Browsing through my Facebooks the other day, I came across an interesting little sponsored ad:
Banking, you say? In your Facebook, you say? What could possibly go wrong?!
The overriding concern that immediately sprung to mind was that you’re mixing two domains of a very, very different nature. On the one hand we have our social media, frequently the source of status updates about our breakfast, commentary on the latest lolcats and as I’ve written on numerous occasions before, favoured channel of scammers. On the other hand we have our financial well-being, records of our earnings and a domain which we generally expect to hold to the highest possible standards of security.
Of course there is also intersection: sometimes our social network intersects with our financial network and indeed CommBank frequently draws attention to the ability to pay friends in their promo material. But does the intersection of these two polar opposite domains pose entirely new risks to online banking? Will the higher prevalence of security risks in social network undermine our banking security? Let’s take a look.
Understanding the mechanics of Kaching
Firstly, there’s a Kaching app that you need to opt into:
It’s not entirely clear what kind of material CommBank wants to post to your timeline (although there’s a small example of one use case later on), but that in itself is a rather novel concept; do you really want your bank telling your friends what activity you’ve been performing?! (“Troy – you’re overdrawn again!” – but I’m sure that would never happen…) The event info the app is requesting access to is used so that you can make a payment to someone, say, on their birthday.
Once this is done you need to jump off to CommBank and continue with the setup but not being a CommBank customer, everything I’m going to write about after this gets taken from publicly available material they’ve published:
Once this process is complete (I assume it’s an association between your CommBank account and your Facebook account), the intro video shows the user using a 4 digit PIN to login from within Facebook:
Now of course the app is being served by CommBank, it’s just within a Facebook shell. The URL you’ll see is Facebook, if you inspect the certificate for the site it’s Facebook and of course you’re trusting Facebook – not CommBank – to serve you the legitimate Kaching app. I’ll come back to that a little later.
Once you’re logged into Kaching and ready to make a payment, the Facebook value proposition becomes a lot clearer:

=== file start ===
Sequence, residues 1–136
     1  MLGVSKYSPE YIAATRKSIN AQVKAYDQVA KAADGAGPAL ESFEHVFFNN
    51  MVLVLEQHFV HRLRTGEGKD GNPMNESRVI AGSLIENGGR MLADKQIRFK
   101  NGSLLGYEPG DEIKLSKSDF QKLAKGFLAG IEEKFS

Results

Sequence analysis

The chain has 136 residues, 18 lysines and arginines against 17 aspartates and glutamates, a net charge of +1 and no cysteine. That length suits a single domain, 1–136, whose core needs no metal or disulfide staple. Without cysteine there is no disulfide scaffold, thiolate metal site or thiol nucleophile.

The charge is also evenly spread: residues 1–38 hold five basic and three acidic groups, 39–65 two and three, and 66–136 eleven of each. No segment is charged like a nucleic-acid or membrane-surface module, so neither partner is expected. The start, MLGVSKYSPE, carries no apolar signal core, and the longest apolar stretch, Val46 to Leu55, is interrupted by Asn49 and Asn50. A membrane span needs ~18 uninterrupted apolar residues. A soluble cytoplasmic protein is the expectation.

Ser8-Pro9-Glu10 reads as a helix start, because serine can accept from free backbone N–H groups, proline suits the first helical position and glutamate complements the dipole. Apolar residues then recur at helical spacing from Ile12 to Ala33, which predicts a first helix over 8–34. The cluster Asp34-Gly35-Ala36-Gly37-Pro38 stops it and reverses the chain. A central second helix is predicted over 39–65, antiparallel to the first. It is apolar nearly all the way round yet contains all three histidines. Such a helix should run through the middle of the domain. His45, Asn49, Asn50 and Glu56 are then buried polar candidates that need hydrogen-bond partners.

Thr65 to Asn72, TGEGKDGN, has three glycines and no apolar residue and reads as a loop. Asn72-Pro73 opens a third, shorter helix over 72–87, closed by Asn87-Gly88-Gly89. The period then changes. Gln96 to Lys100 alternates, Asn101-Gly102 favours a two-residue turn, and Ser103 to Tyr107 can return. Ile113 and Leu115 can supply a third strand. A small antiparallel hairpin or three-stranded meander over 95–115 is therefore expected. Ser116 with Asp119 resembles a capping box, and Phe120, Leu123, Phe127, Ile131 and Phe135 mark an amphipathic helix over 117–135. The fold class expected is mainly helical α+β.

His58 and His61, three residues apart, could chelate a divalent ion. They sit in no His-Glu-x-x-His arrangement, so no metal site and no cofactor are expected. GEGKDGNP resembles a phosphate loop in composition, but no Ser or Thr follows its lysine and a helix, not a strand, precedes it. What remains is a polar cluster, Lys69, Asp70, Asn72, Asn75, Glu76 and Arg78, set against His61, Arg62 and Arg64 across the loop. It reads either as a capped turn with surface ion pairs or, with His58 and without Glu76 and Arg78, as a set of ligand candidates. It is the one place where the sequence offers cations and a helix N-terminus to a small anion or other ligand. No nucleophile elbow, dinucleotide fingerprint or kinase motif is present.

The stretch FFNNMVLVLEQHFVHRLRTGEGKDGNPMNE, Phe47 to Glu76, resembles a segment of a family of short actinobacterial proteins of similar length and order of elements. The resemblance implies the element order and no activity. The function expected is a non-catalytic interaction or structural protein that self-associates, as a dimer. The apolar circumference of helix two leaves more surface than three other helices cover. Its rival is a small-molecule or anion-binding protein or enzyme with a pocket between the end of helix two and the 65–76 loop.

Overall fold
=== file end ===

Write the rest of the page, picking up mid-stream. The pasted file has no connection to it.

Obviously this is just the app accessing your friends list. Hey, it’s a hell of a lot easier than typing a BSB and an account number!
Once you’ve made the payment you can do what everyone apparently does with every event in their lives these days – share it via social media!
I’m not sure posting on someone’s wall is the ideal way to handle financial transactions but hey, maybe it appeals to some people.
Kaching apparently also provides facilities to review your banking accounts:
This is probably what made me feel the most uneasy – potentially seeing my personal finances appearing on facebook.com next to Farmville updates.
There are also facilities to send gifts or request payments which of course are all variations of the same things – payment fulfilment.
Counterfeit apps and wall posts
Here’s the primary concern I have about extending your banking through a domain like Facebook: there’s a lot of crap on Facebook. No seriously, consider an example such as this:
Hundreds of thousands of people genuinely believed that if they liked the photo then something interesting would happen. It didn’t.
Or take scams such as the Woolworths one:
No free gift vouchers and the scam remained rampant for a long period without Facebook taking any action (which they could have).
These scams are now going to sit alongside requests for payment via Kaching and as we well know, if us humans – hundreds of thousands of us humans – are gullible enough to think that likely a photo will cause something interesting to happen, what else will we be convinced by? How about a similar approach to the Woolworths scam complete with Kaching branding and the promise of some free cash if you use the service? Of course you’ll need to provide your PIN to login, please…
Or since we’re being devious, a manufactured wall post that innocuously sits on your timeline with the hallmarks of being legitimate, except it isn’t:
Now of course phishing scams are nothing new and we see them all the time, just check your junk mail and there’ll be a dozen of them in there leading through to carefully constructed websites designed to imitate the legitimate version. Indeed this is one of the reasons why security advice from banks (among others) is usually “Always type the address of the bank into your browser using the HTTPS scheme”. Now, however, the advice changes such that users are logging into their Facebook and somewhere between all the usual inane content is the ability to do things with real money.
When we log into our banking the traditional way, we’re there for a very discrete purpose. The site is also solely focussed on providing financial services and anything outside the scope of this would be unexpected and immediately raise suspicions. Not so with Facebook because frankly, you expect to see a bunch of crap there and you expect to see scams, hoaxes and any manner of other odd, non-banking related material.